Healthcare Reform Then and Now

What American History Can Tell Us about Health and Social Change

Today, health and healthcare are hotly debated political issues. We are also witnessing a resurgence of civil rights movements that call attention to race, gender, sexuality, ability, age, and structural inequality. American history shows us, though, that grassroots, patient-centered change actually flourishes in times of concentrated civil rights activity. What we can learn from this history is that health is not merely an objective state of physical being. It is also, and perhaps first and foremost, a lived experience in a political, economic, and social climate. Continue reading →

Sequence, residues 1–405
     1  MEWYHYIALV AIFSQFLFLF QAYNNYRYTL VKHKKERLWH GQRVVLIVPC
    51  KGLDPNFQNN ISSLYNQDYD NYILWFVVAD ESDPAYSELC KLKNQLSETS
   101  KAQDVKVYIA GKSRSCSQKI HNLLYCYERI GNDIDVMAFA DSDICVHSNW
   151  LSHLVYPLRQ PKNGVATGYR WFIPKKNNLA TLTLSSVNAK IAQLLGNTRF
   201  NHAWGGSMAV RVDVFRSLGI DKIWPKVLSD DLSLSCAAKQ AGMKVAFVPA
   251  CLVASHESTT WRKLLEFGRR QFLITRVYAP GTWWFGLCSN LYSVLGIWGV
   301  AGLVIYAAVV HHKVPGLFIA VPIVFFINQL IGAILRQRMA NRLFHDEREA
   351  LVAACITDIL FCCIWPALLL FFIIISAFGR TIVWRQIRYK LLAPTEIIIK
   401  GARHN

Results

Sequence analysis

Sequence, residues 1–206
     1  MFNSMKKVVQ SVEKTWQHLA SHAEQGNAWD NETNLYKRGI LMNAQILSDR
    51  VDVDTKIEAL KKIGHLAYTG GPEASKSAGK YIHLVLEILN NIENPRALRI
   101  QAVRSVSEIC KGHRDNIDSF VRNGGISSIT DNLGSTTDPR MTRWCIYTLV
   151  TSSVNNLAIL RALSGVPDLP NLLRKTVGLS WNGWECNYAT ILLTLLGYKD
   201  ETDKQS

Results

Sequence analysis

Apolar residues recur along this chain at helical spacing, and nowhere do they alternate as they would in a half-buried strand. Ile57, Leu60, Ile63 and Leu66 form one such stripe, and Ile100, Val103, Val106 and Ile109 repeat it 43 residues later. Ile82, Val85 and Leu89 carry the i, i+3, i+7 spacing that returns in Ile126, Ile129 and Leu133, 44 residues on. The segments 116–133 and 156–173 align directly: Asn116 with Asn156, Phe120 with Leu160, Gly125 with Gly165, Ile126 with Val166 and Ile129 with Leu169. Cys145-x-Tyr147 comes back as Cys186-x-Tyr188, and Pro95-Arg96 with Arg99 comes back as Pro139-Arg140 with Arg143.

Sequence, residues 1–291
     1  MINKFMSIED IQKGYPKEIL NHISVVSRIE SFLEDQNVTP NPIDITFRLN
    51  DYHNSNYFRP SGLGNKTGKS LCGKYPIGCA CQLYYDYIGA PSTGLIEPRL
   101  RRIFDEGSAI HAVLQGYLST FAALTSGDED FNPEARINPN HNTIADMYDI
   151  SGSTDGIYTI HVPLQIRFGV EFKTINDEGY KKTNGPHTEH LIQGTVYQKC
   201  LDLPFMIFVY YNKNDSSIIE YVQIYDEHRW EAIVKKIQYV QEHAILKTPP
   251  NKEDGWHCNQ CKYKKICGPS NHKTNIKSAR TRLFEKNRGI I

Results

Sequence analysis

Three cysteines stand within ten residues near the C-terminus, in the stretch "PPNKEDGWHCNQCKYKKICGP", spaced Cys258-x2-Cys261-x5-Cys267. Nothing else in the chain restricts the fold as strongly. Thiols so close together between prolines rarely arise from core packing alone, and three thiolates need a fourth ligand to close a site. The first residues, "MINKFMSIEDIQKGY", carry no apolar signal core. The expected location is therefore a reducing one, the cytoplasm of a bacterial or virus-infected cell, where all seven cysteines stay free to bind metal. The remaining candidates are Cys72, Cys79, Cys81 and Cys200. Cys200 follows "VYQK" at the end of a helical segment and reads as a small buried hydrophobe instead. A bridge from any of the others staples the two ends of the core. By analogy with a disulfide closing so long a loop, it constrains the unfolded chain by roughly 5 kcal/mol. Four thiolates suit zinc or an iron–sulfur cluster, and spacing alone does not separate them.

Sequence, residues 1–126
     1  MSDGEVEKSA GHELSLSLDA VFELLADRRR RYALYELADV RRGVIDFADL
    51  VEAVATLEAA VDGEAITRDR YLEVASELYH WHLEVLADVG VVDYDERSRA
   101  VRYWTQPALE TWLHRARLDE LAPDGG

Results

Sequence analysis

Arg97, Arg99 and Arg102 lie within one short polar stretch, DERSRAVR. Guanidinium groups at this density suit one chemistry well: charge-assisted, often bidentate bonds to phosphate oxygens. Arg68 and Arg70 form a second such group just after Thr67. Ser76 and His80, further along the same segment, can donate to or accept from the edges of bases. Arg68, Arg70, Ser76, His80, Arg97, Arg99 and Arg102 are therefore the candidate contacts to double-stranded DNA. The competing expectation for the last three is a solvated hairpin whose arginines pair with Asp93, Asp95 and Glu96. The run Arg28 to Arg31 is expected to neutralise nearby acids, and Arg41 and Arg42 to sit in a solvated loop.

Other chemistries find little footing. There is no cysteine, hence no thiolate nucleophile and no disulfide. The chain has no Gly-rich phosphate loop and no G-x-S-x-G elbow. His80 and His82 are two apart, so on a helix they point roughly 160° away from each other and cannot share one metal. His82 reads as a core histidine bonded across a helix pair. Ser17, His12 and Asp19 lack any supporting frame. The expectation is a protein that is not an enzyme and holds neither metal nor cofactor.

Multiple Sclerosis: Treating Myself, Treating Others

On a brisk February morning in 2014, Dan Nuzzo woke up gasping for air. His heart was racing and he could no longer sleep. That moment, Dan explained, was his “lowest point” since his diagnosis of multiple sclerosis two years before. Indeed, at this time, his symptoms were so severe that he postponed his physical therapy training for a second time. Continue reading →